|FOR IMMEDIATE RELEASE:
||Contact: Christi Harlan (Gramm) or
||Tiffany Steele (Lugar)
|Thursday, May 11, 2000
LUGAR, GRAMM OUTLINE CORE PRINCIPLES
FOR COMMODITY EXCHANGE ACT REAUTHORIZATION
Sen. Dick Lugar, chairman of the Senate Agriculture, Nutrition and Forestry Committee, and Sen. Phil Gramm, chairman of the Senate Committee on Banking, Housing and Urban Affairs, agree that high priority should be given this year to the reauthorization of the Commodity Exchange Act, particularly with the view to bringing laws and regulations up to date with the realities in the financial marketplace. They believe that the elements for consensus among the participants in the markets and among the regulators who oversee those markets can be reached, and they have directed the staffs of the Senate Agriculture and Banking Committees to prepare draft legislation that would achieve the following principles:
- Repealing the Shad-Johnson Accord. Since 1982, an artificial separation (called the Shad-Johnson Accord) has been in place dividing the regulation of futures and securities between the Commodity Futures Trading Commission (CFTC) and the Securities and Exchange Commission (SEC). The markets have moved beyond this division, and it is time that the law were changed. Among other things, this change will allow for the trading of futures on individual stocks.
- Harmonizing margin requirements. Part of the Shad-Johnson issue is the question of margin, or the role of "earnest money" to assure the ability of trading parties to honor their commitments. This issue is very difficult and complex when considered among the futures, options, and stock markets. The legislation will provide that margin levels are consistent across the various markets so that choice of investment instruments is made based upon the characteristics of the instrument itself, not upon which offers the least expensive margin cost.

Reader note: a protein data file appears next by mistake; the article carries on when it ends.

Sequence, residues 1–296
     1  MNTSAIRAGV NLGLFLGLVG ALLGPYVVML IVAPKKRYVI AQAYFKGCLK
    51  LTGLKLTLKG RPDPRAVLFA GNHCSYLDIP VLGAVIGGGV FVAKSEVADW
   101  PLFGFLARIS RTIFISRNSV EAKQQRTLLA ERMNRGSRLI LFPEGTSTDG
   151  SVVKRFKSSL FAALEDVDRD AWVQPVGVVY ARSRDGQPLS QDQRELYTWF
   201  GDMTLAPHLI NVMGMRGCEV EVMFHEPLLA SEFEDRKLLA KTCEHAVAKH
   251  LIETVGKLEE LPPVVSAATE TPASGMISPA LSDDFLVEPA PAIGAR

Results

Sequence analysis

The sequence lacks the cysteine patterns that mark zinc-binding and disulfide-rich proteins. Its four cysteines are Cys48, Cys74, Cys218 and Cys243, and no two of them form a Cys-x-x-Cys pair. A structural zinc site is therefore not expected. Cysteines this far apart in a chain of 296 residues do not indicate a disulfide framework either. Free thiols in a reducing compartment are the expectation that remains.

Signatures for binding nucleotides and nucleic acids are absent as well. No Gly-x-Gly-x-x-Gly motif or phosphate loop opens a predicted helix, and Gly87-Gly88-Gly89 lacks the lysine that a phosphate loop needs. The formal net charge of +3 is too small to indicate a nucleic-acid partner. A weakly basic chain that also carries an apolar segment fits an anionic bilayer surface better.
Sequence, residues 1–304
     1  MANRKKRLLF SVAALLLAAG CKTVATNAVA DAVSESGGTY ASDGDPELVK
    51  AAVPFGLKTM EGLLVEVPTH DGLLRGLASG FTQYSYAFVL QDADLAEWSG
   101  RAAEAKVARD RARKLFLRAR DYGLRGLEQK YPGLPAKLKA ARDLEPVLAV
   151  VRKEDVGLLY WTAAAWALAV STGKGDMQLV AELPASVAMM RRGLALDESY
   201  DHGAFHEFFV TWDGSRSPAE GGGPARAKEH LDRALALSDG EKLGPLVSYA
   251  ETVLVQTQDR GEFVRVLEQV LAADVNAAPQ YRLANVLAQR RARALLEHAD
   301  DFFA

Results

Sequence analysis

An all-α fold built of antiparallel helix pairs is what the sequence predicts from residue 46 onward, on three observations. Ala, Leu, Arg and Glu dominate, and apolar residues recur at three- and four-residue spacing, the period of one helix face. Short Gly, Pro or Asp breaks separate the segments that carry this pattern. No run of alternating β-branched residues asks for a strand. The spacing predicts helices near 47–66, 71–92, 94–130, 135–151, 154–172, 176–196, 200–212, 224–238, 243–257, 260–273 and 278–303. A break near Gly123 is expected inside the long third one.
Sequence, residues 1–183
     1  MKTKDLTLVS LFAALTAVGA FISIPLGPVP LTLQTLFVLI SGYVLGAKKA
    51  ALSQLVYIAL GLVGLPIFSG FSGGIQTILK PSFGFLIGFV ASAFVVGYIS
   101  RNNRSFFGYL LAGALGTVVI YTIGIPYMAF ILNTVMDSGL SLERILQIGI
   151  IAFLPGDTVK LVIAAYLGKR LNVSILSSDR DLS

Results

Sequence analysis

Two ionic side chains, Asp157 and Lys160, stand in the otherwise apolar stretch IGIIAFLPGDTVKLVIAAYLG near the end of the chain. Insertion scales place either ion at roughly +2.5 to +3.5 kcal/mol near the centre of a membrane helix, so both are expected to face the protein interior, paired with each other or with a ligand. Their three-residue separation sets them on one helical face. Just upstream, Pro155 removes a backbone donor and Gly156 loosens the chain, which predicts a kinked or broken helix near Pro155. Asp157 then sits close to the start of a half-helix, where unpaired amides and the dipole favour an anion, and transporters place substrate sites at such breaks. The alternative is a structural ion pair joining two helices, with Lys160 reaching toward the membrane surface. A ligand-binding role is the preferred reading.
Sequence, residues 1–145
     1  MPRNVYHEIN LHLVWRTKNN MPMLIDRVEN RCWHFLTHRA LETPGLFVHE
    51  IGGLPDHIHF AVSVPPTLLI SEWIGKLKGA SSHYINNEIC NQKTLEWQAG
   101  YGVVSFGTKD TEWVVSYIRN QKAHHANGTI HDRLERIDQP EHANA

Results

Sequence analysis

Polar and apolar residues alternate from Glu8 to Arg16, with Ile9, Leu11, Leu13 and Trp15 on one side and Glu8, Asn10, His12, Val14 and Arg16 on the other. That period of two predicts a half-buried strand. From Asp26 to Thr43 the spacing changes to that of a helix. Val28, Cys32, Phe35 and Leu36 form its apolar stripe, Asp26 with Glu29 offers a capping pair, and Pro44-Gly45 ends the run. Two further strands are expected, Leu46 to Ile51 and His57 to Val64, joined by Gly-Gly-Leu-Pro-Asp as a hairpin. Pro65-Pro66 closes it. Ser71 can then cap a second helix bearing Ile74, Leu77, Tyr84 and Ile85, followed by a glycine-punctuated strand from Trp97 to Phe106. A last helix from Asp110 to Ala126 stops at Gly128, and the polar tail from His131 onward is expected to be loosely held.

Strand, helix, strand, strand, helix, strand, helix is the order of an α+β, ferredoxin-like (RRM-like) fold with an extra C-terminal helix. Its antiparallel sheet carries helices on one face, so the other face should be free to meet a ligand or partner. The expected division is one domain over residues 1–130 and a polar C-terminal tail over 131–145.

- Reducing regulatory burden. Similarly, regulatory costs should not be the factor driving an investor's choice of financial instruments. The legislation will reduce fees and other regulatory costs and will do so in a manner that will not disadvantage one marketplace, or one instrument, over another. The regulatory test must be whether a particular regulation adds value to the markets instead of unnecessary costs. Input will be sought from market participants and the regulators in order to carry out this principle.
- Providing legal certainty for swaps. Swaps transactions account for the largest share of all financial derivative transactions. About two-thirds of the swaps market involves transactions by commercial banks. Legal certainty for swaps will be made clear and unmistakable.